Five marines charged with murder get anonymity

Badge from a Marine Commando green beret
Image caption A hearing was told of a "real and immediate risk" to the marines

The identity of five Royal Marines charged with murder after an incident in Afghanistan will not be disclosed, the judge advocate general has decided.

The men will have anonymity until their court martial finishes, Judge Blackett has ruled.

The decision may be reviewed when court proceedings have concluded.

All five have been charged with the murder of an unknown Afghan national contrary to Section 42 of the Armed Forces Act 2006.

The incident is believed to have happened on or around 15 September 2011 while the servicemen were serving in Afghanistan.

The Marines first appeared at a 'behind closed doors' hearing in October when an interim order was made, preventing the publication of their names due to a "real and immediate risk" to their lives.

The men - who were released from custody on 22 October and sent back to their barracks - will be known throughout their court martial as Marines A, B, C, D and E.

'Lone wolves'

A special hearing to decide whether the identities of the men should be released was held on Monday at the Military Court Centre in Bulford, Wiltshire, to allow the media to challenge reporting restrictions.

Cmdr Blackett was given written submissions from members of news organisations, challenging the interim ban.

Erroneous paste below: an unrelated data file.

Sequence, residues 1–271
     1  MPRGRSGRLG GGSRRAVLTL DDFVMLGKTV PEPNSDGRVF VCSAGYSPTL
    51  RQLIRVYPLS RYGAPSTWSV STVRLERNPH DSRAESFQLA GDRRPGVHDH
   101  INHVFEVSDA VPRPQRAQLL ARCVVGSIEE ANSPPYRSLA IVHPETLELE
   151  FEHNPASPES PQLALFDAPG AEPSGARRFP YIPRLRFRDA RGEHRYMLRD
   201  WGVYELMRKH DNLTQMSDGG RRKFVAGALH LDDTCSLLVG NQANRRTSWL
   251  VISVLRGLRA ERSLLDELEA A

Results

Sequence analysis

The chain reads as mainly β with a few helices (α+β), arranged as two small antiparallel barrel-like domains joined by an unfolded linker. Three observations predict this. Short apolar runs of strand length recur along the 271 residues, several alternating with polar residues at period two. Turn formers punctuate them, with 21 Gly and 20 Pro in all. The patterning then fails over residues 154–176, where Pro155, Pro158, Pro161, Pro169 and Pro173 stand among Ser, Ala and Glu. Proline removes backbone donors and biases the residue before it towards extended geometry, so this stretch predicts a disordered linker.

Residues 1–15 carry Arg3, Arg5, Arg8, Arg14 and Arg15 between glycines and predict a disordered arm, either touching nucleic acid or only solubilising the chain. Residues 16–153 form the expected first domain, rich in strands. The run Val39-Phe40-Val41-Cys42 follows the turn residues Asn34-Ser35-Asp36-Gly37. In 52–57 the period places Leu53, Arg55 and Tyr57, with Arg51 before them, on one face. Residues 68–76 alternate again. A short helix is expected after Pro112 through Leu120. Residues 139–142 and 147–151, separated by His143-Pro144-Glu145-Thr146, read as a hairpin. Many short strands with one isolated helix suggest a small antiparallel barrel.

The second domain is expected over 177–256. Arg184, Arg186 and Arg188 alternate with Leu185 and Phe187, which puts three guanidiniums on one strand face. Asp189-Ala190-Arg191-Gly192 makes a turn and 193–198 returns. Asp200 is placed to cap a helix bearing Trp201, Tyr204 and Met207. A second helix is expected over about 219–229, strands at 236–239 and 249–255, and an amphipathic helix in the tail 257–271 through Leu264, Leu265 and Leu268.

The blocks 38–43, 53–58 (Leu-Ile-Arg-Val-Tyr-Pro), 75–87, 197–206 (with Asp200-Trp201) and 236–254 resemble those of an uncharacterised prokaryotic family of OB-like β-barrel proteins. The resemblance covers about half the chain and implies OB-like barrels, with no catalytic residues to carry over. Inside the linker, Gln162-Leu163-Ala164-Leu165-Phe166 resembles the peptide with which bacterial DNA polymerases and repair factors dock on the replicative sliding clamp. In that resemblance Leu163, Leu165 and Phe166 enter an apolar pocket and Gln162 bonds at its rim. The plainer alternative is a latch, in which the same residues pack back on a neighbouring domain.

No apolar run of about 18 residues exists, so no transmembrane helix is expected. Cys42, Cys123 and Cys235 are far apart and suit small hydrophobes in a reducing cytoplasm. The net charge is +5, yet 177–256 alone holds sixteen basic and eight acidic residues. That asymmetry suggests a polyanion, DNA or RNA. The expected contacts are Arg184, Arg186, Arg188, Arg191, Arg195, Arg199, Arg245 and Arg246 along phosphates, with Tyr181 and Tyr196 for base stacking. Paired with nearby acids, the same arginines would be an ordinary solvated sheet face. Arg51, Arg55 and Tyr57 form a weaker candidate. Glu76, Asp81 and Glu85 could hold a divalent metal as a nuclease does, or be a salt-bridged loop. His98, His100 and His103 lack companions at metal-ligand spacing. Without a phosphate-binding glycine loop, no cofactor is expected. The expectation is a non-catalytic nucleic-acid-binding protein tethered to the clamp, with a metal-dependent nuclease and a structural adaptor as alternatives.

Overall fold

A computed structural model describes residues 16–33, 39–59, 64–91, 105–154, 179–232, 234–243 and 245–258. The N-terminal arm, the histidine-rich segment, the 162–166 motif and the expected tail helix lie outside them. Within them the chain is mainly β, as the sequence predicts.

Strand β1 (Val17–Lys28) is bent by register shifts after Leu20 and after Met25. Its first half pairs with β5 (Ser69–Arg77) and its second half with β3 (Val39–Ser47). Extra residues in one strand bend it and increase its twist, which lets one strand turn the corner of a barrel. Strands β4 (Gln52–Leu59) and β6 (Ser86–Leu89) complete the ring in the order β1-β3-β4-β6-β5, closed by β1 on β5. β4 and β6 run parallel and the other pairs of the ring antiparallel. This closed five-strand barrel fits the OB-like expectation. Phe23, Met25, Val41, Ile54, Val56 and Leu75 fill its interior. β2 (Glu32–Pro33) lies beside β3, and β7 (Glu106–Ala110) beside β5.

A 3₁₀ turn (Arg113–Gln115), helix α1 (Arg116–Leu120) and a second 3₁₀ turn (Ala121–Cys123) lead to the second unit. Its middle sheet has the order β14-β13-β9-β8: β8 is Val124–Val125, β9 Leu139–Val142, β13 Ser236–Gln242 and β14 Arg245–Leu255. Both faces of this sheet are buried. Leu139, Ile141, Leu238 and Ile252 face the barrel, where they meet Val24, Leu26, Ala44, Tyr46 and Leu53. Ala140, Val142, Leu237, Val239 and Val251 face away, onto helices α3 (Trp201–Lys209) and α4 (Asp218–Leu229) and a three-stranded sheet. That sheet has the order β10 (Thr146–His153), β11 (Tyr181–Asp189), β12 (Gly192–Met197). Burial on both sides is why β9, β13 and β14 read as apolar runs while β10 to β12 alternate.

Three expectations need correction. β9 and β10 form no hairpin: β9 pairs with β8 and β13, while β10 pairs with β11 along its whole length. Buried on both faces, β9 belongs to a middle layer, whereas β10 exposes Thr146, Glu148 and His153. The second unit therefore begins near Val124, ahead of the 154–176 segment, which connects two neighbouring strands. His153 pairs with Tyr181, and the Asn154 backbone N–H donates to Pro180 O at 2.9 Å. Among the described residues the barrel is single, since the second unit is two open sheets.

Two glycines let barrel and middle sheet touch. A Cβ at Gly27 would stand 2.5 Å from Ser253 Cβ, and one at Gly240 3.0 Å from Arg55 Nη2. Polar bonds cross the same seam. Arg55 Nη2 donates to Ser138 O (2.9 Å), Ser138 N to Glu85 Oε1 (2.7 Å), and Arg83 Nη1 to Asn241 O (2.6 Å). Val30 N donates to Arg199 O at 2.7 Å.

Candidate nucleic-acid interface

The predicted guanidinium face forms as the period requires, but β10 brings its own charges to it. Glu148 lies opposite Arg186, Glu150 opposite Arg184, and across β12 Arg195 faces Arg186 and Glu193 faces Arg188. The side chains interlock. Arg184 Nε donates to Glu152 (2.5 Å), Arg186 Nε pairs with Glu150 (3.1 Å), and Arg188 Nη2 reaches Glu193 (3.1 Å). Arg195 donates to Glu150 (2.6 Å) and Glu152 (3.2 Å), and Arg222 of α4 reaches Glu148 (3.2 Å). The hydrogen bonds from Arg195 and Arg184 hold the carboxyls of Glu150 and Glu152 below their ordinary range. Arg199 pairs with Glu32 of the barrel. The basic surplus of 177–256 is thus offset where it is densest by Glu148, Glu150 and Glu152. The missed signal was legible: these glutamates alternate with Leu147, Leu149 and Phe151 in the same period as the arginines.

The Ministry of Defence (MoD) also submitted a "threat assessment", detailing whether the men, if identified, were at risk of attack from terrorist organisations.

Former defence intelligence officer Anthony Tucker-Jones also spoke after being instructed to do so by Marine B's legal team.

After considering the evidence, the judge announced on Wednesday that the lives of the defendants would be put at risk if their names were revealed.

Cmdr Blackett said: "The risk comes from organised terrorist activity and 'lone wolves' who are unpredictable.

"In this respect, members of the armed forces are entitled to be treated differently from civilians within this country at this moment in history."

He added that the Marines were "entitled to protection from terrorists" who may plan revenge attacks.

"I am not prepared to take a chance with these men's lives," he concluded.

If the Marines are found not guilty, the anonymity order will remain, Cmdr Blackett ruled.

But if convicted, the judge said the issue of identification will be reviewed.

The next hearing is scheduled for 10 December at the court centre in Bulford.

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